Appropriately named The Tewksbury because on January 21, 1959 an unthinkable marine disaster happened adjacent to this very site. After days of extreme cold and heavy snow packed the Buffalo River and Cazenovia Creek with ice, a sudden thaw and wind-driven rain on that January day broke up the ice, and around 10 PM the pressure of the shifting floes snapped the mooring lines of the freighter MacGilvray Shiras, which was tied up for the winter beside the Concrete Central Elevator at the foot of Smith Street before ramming the Michael K. Tewksbury, which was tied up at the Standard Elevator, near the foot of St. Clair Street. Both boats passed beneath the Ohio Street Bridge, which was raised for construction, but the bridge crew, taking a break in the Swannie House, could not raise the Michigan Avenue Bridge in time. The Tewksbury smashed into the bridge at 11:17 PM, demolishing it, and wedging itself across the river causing an ice dam. The flow of frigid water and ice spilled into the neighborhood, flooding an 18-block area.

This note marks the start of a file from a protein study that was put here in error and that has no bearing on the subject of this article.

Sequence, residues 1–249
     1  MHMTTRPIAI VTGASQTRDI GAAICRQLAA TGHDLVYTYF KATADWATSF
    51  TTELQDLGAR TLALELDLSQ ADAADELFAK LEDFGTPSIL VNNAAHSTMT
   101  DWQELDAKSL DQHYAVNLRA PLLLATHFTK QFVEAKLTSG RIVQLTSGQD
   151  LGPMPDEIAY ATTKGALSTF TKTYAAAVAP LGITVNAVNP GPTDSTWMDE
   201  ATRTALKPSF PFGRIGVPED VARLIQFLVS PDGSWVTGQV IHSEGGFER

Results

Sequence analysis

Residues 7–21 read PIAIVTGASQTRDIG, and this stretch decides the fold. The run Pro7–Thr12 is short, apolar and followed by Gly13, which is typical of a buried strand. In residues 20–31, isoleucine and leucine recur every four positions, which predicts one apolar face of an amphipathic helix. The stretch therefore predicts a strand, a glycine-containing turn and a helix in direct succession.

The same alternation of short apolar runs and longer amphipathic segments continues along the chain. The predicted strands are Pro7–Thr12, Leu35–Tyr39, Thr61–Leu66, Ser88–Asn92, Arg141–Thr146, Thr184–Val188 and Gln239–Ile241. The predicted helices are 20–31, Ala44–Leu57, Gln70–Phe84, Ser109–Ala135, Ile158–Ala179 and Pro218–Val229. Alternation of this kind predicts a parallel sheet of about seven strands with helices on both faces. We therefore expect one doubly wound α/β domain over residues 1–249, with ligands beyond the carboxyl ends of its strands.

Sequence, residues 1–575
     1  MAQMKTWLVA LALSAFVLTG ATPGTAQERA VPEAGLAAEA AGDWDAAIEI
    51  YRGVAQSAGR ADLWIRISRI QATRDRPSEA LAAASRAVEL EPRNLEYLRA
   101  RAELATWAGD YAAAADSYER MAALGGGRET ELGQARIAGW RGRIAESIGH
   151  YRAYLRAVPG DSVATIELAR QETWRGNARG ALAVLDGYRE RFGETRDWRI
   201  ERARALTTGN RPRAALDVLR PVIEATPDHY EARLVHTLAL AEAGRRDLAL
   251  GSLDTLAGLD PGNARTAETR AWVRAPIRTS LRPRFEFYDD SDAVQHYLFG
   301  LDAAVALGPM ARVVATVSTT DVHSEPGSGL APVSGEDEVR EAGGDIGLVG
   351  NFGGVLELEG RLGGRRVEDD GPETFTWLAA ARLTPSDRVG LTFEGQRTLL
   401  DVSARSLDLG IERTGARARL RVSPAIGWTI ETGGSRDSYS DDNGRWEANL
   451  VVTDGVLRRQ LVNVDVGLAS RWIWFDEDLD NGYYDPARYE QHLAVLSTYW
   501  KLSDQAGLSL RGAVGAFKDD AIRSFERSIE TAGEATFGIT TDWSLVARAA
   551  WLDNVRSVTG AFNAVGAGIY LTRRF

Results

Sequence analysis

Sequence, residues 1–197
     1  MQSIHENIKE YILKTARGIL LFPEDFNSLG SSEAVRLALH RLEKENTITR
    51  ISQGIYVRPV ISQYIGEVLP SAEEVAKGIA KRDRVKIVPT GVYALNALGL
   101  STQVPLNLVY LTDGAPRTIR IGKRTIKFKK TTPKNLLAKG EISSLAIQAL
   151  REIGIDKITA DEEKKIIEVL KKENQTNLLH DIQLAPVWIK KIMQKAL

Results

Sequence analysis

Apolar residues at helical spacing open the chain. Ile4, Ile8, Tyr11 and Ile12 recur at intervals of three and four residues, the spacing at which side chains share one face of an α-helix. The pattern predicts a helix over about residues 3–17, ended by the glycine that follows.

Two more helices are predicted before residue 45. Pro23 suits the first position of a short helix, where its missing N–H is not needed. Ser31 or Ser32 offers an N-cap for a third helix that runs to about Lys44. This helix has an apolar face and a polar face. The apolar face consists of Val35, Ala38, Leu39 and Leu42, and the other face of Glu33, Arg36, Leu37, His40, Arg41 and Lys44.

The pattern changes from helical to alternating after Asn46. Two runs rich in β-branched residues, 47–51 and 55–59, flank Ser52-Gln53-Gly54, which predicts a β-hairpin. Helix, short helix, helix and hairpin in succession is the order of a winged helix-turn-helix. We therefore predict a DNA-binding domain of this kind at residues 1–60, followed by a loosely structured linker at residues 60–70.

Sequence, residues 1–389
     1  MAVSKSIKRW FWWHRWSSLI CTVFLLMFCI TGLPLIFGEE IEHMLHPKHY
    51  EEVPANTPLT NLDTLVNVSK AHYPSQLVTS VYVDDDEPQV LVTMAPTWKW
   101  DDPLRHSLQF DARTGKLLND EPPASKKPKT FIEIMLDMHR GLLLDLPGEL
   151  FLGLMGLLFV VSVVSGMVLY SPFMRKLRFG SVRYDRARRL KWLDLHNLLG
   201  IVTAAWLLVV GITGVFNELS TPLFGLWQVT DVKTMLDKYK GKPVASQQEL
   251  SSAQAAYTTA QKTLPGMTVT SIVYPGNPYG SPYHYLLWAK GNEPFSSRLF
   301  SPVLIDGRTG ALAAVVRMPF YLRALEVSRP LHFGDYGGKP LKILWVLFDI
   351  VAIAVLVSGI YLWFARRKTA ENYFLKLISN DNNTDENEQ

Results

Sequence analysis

Today the Tewksbury disaster is being recognized for its dramatic role in shaping the history and the future of the Buffalo River. Much of what helped to shape our waterfront has come in the form of good and bad news – the fact that we are able to embrace it all, and tell the stories (good and bad) is what makes Buffalo a more intriguing and more resilient place to live. This city has made it through countless incidents and disasters, making it a bit more rough and tumble than others. ~ Buffalo Rising